For many, teaching English abroad is a lifelong ambition – whether you teach in the UK and want to try furthering your career in a new country, or your love of travel and helping communities is your priority.

English is the most studied language in the world, and with nearly 20% of the world’s population speaking English but only about 24% of those being native speakers, there are plenty of opportunities to teach the language across the globe.

Here’s our guide to everything you need to know to turn your dream of teaching English abroad into reality.

Research Qualifications Needed

The first step in realising your ambition to teach English abroad is to research which qualifications you need. The qualifications required to teach English around the world varies from country to country, and can rely on qualifications you already have or subject specific courses like TEFL (Teaching English as a Foreign Language) or TESOL (Teaching English to Speakers of Other Languages).

Some countries, like most European areas and the Middle East, require a bachelor’s degree or equivalent, whereas others will accept applicants who have completed a TEFL/TESOL course but may not have any other higher education or experience in teaching.

Some teaching programs include on-the-job TEFL/TESOL courses so you can gain the qualification while teaching, and are available to students both pre- and post-university. Experience is often not needed if your qualifications are up to scratch, and certain countries will be more likely to employ first time teachers, straight out of study or with no prior experience.

Volunteering is a great way to get your first taste of teaching English abroad. It requires no prior training or experience, and is available to anyone over the age of 18. Internships are another great way to get started in a career teaching English if you don’t have a degree, such as our excellent internship program in China.

What is required is a strong command of the English language. As such, some countries especially look for native English speakers as preferable applicants for paid teaching roles.

Teaching English abroad is a fulfilling experience and a great way for you to immerse yourself in other cultures, see amazing parts of the world and help local communities. While anyone can get involved in volunteering, getting your qualifications in place is the important first step to achieving your goal if you want a career in teaching English abroad.

teach english in china

What Kind of Role Do You Want?

First, consider what you want to get out of your experience. Is it to make money, help others, or further your career? There’s no reason why you can’t do all these things in the same placement, but it may come down to your qualifications.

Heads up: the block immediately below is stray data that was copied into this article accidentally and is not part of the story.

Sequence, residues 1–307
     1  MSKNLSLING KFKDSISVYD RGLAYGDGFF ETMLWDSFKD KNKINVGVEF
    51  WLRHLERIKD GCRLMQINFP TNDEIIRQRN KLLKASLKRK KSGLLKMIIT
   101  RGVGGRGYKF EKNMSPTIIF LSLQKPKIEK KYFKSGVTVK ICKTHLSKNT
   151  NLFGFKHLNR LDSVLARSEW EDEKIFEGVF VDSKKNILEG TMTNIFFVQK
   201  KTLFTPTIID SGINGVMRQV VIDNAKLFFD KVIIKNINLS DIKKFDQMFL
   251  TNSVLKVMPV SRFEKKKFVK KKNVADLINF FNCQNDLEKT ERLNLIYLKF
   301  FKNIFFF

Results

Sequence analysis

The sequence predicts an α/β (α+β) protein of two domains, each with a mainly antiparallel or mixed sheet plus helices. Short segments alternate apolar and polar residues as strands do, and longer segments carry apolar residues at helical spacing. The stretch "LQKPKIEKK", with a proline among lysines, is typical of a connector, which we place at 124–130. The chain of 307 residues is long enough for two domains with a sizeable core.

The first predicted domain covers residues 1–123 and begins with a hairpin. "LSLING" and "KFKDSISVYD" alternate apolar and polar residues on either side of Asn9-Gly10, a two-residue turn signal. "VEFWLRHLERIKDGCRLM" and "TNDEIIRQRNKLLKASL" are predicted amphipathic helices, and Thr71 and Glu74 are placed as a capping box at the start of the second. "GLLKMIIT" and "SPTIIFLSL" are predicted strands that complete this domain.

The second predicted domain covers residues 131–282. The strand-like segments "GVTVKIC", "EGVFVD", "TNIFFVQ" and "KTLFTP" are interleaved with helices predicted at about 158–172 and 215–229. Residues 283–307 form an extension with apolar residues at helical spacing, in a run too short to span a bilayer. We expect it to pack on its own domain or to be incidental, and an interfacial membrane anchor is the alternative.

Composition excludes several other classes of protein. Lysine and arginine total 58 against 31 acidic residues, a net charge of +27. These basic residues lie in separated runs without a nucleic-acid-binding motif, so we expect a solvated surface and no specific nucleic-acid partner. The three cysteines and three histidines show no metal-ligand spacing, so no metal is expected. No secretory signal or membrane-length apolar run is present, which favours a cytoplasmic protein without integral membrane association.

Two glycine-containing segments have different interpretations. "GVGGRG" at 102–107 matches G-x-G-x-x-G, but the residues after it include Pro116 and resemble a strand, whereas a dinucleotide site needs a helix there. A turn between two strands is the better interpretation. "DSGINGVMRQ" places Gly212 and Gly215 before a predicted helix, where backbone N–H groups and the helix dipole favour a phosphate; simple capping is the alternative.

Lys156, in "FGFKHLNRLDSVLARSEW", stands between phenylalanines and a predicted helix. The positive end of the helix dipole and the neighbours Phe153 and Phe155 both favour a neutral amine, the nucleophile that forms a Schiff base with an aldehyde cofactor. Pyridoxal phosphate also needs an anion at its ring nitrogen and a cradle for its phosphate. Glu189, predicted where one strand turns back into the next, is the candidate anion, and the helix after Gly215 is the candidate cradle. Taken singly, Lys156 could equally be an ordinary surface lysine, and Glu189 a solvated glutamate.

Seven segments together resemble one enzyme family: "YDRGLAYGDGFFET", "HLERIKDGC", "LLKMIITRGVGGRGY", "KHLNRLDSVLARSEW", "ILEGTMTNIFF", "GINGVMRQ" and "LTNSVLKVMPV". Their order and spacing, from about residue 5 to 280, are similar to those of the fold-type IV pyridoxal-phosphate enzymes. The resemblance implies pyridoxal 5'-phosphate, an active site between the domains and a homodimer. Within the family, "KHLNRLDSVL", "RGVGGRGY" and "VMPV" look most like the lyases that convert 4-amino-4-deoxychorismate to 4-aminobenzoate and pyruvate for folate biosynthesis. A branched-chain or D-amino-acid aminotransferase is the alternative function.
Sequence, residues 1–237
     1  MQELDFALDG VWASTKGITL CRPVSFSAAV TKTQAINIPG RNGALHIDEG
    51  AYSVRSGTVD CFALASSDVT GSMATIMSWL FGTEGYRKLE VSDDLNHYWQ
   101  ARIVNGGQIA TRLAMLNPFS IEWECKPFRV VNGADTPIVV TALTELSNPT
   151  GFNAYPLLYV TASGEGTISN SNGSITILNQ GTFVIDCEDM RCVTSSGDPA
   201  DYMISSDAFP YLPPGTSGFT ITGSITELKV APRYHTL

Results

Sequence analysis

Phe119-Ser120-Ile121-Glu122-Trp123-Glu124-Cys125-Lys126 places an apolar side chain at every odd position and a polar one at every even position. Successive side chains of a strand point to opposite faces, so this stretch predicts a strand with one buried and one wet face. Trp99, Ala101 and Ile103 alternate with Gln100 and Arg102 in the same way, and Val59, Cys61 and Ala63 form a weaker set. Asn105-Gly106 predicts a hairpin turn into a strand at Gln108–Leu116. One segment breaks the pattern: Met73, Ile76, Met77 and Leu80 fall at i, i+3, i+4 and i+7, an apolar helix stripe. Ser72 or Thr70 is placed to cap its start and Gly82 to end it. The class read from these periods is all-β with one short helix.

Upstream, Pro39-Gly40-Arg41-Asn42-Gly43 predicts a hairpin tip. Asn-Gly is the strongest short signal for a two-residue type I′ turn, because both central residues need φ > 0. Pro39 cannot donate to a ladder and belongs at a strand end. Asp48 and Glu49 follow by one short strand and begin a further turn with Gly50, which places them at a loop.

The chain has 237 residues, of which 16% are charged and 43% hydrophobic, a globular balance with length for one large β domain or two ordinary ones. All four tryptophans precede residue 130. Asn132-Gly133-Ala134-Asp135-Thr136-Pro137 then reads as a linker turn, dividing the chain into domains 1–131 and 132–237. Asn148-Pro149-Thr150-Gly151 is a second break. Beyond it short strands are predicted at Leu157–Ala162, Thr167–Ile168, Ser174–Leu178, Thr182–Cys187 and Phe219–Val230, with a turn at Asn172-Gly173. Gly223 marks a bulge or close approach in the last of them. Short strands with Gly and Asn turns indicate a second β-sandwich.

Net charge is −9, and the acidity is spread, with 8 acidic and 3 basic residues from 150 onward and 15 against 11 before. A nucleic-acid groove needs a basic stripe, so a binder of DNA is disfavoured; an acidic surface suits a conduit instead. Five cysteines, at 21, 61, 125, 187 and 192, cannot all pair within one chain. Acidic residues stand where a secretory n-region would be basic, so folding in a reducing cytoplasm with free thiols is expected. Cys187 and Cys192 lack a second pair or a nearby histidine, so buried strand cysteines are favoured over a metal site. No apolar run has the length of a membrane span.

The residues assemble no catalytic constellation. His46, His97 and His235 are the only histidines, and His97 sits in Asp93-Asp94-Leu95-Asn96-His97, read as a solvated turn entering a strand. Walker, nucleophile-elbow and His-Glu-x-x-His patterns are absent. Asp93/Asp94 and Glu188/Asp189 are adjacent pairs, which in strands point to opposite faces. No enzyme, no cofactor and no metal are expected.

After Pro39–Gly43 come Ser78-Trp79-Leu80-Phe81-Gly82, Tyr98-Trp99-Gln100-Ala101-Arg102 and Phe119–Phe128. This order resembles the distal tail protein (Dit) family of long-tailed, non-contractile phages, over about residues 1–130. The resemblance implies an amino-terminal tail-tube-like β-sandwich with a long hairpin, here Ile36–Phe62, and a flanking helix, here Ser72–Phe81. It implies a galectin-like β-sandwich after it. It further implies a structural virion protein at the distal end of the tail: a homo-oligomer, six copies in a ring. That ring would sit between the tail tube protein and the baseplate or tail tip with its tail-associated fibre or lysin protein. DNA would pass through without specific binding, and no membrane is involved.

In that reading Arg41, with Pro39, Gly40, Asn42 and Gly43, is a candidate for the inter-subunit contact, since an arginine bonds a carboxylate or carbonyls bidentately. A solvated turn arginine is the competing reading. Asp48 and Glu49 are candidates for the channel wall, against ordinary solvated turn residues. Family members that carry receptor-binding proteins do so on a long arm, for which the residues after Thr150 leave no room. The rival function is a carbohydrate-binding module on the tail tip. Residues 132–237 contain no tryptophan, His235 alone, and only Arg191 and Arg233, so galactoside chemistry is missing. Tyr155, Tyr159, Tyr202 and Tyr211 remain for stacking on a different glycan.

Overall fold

If you have a degree and a TEFL qualification, you’re able to become a paid teacher in many countries. If you don’t have a TEFL certificate already, look for a course where you can gain the qualification while you work, and if you don’t have a degree, a volunteer placement could be for you.

If you’re taking a gap year or career break, are looking for a fulfilling way to travel to somewhere amazing and help the local community, there are volunteer programs across the globe. These trips are an inclusive experience where you can improve your teaching skills, tick another place off your bucket list, and make a valued contribution to local and often under-privileged communities.

Our volunteer programs include empowering women in Nepal by furthering their career prospects through the English language, helping the poorest children in South Africa, Romania or India, and teaching novice monks in Laos the English basics while immersing yourself in the Buddhist way of life.

Decide Where You Want to Teach

The final choice on location may come down to what type of role you’re seeking, and what your educational background is.

If you want to volunteer, there are options right across the globe, so you can pick a great location off your bucket list to start your adventure.

If you’re looking for a paid role, certain countries have different requirements for their teachers in terms of qualification and experience, so this will play an integral part to your decision on where you go to teach. However, there are some amazing countries that don’t require a degree or higher education qualification – TEFL list their top 5 as Costa Rica, Cambodia, Russia, South Korea and Italy, so you can be taken as far afield as you like, with no further education behind you.

Other factors regarding location are:

  • What, aside from teaching, you want to get out of the experience, i.e. new culture, a new part of the world, an opportunity to learn another language that interests you
  • How much money you need, or want, to make from the experience
  • Proximity to your home country if frequent travel is likely and whether this cost is included in your wages.

Here’s an overview of what each region looks for in their English teachers.


The cost of living is low in most of Asia and wages are usually relatively high, so your enjoyment and quality of life during this experience can be the best on offer.

English-teaching roles in countries like China and Thailand can include benefits such as accommodation and airfares, along with cultural lessons like calligraphy, Tai Chi and Mandarin in your free time.

Degrees are required for most English teachers in Asia, but some positions can also include on-the-job TEFL/TESOL qualifications, so you can complete your study, start teaching and immerse yourself in this beautiful culture all at once.

Experience is not necessarily needed to secure a great role either, making Asia a popular destination for native English-speaking teachers, whatever their background.

teach english in asia

Latin America

Latin American countries, like Mexico, Chile and Peru, often offer positions to individuals with little or no experience, so are a great place to start your career once you have your TEFL qualification.

Locations across Latin American countries vary in what they offer, from vibrant cities to quiet towns, mountainous peaks to sandy beaches. Our Chile teaching project is the perfect place to teach and also learn some Spanish yourself!

Cost of living is low, so the money you earn means you can make the most of the experience. These countries are an attractive place to start your teaching journey, especially if you already know some Spanish to communicate with the friendly locals.


Teaching in Europe is a great idea if the draw of cultural history, seasonal weather and a short flight back to the UK are important factors to you. Europe has some of the strictest rules for their English teachers in terms of qualifications and experience. They often require a degree and some experience before offering a contract, and native English speakers and British or European citizens are generally preferred.